VIC-20 (called VC-20 in some countries) was one of the first largely widespread personal computers made by Commodore. More than 2,500,000 units were sold all over the world, from 1980 to 1985, and the VIC-20 was the first computer to pass the 1-million-mark in January 1983, and was the best-selling computer of the year 1982 (with 800,000 units).
The name of the VIC-20 comes from its Video Interface Chip (VIC is a MOS Technology 6560 integrated circuit for NTSC version of the VIC-20, MOS Technology 6561 for PAL), which was not only a video device but handled all the sounds too. It was designed by Commodore to be a low-cost computer, with gaming and programming capabilities. However, that machine was a bit underpowered at that time, when many companies were active on the market like Sinclair, Atari or Apple. In addition, the CBM BASIC V2 was a minimal version of BASIC, compelling programmers to optimize code and use machine language or direct memory access. So programming was often limited to educational purposes, even if an important productivity software offer was available.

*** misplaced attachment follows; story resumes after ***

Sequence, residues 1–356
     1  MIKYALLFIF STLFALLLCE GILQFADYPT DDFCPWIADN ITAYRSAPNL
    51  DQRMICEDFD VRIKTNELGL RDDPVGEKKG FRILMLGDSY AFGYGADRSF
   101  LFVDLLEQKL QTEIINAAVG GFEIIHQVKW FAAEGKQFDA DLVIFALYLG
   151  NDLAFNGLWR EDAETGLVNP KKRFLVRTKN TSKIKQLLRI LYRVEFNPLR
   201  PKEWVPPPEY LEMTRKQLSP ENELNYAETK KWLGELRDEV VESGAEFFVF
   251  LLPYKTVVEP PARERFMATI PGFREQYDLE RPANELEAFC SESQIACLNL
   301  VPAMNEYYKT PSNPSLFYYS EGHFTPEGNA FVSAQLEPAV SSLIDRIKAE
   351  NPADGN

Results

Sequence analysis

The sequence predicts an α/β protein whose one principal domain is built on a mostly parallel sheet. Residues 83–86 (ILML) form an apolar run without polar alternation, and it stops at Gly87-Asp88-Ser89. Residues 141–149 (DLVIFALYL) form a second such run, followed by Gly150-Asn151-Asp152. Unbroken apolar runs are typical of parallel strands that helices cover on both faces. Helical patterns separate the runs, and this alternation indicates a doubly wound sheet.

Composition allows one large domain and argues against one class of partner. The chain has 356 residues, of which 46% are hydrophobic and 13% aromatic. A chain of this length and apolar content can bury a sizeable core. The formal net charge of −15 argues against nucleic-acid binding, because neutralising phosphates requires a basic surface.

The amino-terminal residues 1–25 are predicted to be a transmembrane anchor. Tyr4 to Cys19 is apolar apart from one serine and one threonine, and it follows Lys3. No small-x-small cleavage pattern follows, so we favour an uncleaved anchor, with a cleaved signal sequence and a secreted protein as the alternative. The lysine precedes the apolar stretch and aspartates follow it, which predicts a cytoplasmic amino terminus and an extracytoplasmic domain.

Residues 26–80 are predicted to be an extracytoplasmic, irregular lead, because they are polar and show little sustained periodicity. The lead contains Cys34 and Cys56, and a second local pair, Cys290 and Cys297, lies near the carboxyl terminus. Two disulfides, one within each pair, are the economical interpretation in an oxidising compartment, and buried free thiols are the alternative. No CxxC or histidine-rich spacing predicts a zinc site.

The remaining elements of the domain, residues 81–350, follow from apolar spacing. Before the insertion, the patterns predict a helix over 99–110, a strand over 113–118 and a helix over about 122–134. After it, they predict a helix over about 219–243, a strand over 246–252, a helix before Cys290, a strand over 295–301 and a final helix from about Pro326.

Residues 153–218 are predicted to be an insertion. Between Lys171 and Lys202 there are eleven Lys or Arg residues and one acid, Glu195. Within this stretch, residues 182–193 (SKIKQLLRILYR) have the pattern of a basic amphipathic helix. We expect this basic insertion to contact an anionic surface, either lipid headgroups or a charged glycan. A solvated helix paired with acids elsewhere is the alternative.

While the PET, the VIC-20 ancestor, was considered to be more serious or for a more professional usage, the VIC-20 was primarily sold at retail (even in toy stores sometimes), where it could compete with game consoles . It was the first computer to be sold in K-Mart. Famous Commodore advertisements, featuring actor William Shatner (of Star Trek fame) as its spokesman asking "Why buy just a video game?", summarize the commercial position of the VIC-20 : game and education. A very large collection of software was available during the life of the computer, with many games : the number of VIC-20 game softwares (800, including cartridges and tapes) was close to the number of games for the famous Atari 2006 video console (900).
- 8-bit architecture
- 6502 processor (1 MHz)
- 5.5 ko RAM (3.5 ko free for Basic)
- 20 ko ROM
- Proprietary connectors
- 23 lines x 22 columns display (equivalent to 176 x 184 pixels)
- Main programming language : CBM BASIC V2
- Other programming languages (through BASIC or cartridges extensions) : machine language, Fortran.
About the users
Linus Torvalds' first computer was a VIC-20. As a matter of fact, many programmers learn BASIC or programming with a VIC-20. That computer was a best-selling product when the computer's usage was deeply changing, from university and skilled users to everyone.